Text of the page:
Since my food and gardening awareness was heightened in the ’70s while living in Berkeley, CA, in my small way I have tried to convince friends that they should buy or grow organic foods as much as possible, not only for our good health (the film informs us that one in three Americans born after 2000 will contract diabetes) but also to support and encourage these dedicated farmers whose philosophy of soil conservation, planet preservation and animal-friendly ways are the compassionate fabric that reflects a civilized society.
Our family still keeps a small garden, growing vegetables without pesticides, where we can be sure we have fresh herbs and produce throughout the summer. If you don’t have the space or a back yard check out a community garden whose plots are rented annually for about the cost of a few pounds of hothouse tomatoes and a bag of micro greens.
For concerned readers that may be skeptical that our government would ever change, or in some cases enforce its existing policies against the irresponsible behavior of these multi-national corporations, there is hope. They changed labels to reflect additives and preservatives, GMs and fat content, percentages of vitamins and country-of-origin (this after China’s addition of melamine into baby formula). They labeled, too, for organic which operates under strict guidelines. And they fought and won against tobacco, one of the biggest industries in the world. Consumers demanded it.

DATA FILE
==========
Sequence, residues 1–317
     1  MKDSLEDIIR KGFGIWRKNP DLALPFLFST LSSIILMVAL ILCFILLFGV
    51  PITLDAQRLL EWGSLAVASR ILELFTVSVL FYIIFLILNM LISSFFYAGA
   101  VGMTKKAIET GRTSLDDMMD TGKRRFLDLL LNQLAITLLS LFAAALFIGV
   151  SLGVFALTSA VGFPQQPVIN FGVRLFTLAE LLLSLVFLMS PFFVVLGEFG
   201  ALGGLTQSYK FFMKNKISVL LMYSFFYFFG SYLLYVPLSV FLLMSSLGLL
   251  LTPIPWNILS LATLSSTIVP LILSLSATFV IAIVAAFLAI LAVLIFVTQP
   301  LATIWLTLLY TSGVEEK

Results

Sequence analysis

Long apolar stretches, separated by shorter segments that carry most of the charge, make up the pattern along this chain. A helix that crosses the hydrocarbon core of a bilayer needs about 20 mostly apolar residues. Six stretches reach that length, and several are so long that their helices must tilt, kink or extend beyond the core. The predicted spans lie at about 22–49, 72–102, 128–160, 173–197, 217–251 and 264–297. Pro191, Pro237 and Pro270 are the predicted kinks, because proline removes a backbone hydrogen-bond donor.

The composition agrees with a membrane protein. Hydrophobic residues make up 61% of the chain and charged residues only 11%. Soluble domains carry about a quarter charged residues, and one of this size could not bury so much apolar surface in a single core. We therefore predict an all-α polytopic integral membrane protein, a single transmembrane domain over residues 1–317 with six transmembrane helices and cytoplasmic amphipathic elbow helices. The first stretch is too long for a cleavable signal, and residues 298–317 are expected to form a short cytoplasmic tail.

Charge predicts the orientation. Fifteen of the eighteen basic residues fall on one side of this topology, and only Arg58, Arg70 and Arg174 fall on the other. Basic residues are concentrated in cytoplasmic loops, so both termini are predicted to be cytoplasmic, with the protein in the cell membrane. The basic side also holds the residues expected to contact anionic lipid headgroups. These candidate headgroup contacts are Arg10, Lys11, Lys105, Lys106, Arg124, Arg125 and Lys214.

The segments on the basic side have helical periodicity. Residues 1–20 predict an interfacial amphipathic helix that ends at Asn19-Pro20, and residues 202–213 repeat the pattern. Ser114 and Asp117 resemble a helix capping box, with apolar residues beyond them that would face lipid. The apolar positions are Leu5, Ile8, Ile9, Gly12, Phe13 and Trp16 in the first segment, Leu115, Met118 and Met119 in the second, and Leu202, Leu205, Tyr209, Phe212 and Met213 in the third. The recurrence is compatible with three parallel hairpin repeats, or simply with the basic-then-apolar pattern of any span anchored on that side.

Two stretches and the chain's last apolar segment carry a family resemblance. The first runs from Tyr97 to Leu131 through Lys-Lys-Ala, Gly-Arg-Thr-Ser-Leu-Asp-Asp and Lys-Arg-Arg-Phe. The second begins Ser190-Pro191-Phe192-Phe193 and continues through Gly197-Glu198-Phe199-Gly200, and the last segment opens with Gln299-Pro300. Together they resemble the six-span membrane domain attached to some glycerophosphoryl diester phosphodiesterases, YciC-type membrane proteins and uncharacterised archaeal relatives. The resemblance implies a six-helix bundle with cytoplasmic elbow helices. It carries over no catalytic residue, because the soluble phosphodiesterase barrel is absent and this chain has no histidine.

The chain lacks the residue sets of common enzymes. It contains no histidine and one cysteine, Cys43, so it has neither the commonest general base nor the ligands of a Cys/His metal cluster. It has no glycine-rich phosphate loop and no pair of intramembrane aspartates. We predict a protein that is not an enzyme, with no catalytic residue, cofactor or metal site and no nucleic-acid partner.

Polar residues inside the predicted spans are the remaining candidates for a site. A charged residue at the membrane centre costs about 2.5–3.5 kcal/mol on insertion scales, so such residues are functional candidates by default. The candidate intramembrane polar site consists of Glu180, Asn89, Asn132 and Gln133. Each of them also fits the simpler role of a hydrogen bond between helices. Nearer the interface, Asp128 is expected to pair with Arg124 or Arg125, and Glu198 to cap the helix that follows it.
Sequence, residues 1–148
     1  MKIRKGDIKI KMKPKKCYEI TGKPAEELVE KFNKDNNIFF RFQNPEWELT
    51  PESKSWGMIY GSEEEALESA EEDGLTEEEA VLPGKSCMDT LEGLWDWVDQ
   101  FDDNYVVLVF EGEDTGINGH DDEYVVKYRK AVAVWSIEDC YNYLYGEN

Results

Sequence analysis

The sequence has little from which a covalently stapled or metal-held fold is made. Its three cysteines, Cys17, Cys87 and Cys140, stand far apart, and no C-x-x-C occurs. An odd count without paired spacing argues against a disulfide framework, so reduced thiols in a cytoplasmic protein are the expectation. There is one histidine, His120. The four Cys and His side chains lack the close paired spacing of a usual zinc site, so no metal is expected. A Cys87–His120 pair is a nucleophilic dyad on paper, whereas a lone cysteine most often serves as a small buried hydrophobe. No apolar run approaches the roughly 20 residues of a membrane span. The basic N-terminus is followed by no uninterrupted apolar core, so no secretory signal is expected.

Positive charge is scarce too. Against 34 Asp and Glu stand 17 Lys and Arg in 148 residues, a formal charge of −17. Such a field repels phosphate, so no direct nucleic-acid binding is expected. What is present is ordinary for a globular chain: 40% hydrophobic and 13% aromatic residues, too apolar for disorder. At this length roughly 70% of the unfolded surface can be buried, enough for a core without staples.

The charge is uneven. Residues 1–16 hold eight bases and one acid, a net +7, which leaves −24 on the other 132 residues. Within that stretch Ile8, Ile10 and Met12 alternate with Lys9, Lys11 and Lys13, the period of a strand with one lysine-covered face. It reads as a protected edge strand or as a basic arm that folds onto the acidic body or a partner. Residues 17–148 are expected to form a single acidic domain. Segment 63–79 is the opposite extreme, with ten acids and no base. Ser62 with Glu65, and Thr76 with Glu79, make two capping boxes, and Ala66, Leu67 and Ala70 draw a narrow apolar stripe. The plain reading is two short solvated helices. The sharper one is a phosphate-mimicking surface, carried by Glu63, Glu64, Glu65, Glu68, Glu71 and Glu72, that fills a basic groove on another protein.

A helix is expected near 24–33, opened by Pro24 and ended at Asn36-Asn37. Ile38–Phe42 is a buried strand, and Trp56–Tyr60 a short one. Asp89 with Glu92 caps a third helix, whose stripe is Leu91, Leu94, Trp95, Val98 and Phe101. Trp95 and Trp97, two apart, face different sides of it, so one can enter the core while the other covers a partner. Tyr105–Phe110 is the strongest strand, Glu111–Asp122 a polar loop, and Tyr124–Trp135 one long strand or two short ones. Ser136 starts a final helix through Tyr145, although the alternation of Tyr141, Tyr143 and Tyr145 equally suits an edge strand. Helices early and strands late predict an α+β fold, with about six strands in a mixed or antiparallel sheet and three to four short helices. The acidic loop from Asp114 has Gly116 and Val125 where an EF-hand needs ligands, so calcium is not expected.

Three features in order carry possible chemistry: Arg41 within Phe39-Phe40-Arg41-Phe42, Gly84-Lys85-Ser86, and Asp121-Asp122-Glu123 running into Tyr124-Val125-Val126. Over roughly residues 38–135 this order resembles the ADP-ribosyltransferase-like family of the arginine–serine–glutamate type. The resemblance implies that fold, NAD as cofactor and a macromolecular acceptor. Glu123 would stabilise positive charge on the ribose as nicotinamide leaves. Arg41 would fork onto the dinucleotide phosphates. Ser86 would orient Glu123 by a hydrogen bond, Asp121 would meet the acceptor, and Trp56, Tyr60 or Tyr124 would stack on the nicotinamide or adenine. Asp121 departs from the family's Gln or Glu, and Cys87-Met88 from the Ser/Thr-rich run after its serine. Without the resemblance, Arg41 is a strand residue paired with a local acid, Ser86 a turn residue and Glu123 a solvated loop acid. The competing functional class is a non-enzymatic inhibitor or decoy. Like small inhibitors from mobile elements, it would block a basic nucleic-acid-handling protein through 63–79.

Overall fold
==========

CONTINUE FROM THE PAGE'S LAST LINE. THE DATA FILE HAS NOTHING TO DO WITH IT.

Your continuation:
There is already a plan in place for each citizen to take part. Here’s how it can work. What if I were to tell you that there is a special national election going on right now you may not be aware of, one whose influence will be felt far and wide? And just suppose you have been nominated to be the sole candidate and your election to this powerful position has been guaranteed.
You won’t need to ally yourself with any known national party or hire a high-priced K Street lobbying firm to promote your agenda. Your campaign won’t need placards or direct mail, robocalls or public appearances. You’ll be free of outside funding and won’t be beholden to special interest groups. Any lobbying will be strictly up to you — you can canvass your friends and family or neighbors and businesses at will. And the payoff is huge. The future of your health and the health of those you love and feed is at stake. If you want to get on board, here’s how it works.
Every time you purchase organic foods and locally produced foods you are insuring the health of the planet and your own too. And by using your food dollars, as the film suggests, you can vote three times a day for breakfast, lunch and dinner. How empowering! This is why Giant, Safeway, Wal-Mart and others decided to join the organic movement. It just made good business sense. The consumer — that’s where you come in — drove the market.
Okay, I’ve heard the arguments:
“It’s more expensive.” Here’s what Pollan in “The Omnivore’s Dilemma” has to say to that: “As a society we Americans spend only a fraction of our disposable income feeding ourselves. Americans today spend less on food … than any other industrialized nation, and probably less than any people in the history of the world.”
“It’s hard to find.” Make an effort to find the farmer’s market that is selling local farm products, plant your own, have a few meatless days a week; it’s a start, and if you pay a little more for organic, think of it as an investment in the health of yourself, your family and your planet.
“I don’t have time.” Get in touch with your food. Carve out one day a week to make a soup or stew that makes enough to freeze for later. You will notice the difference in the taste and quality of freshly picked and organically raised product and it will touch your soul.
You hold the power to change the system every time you shop for groceries or don’t stop for fast food. See this film, meet the farmers who care about us, and vote with your wallet!
For comments and queries on this article, email Jordan@whiskandquill.com.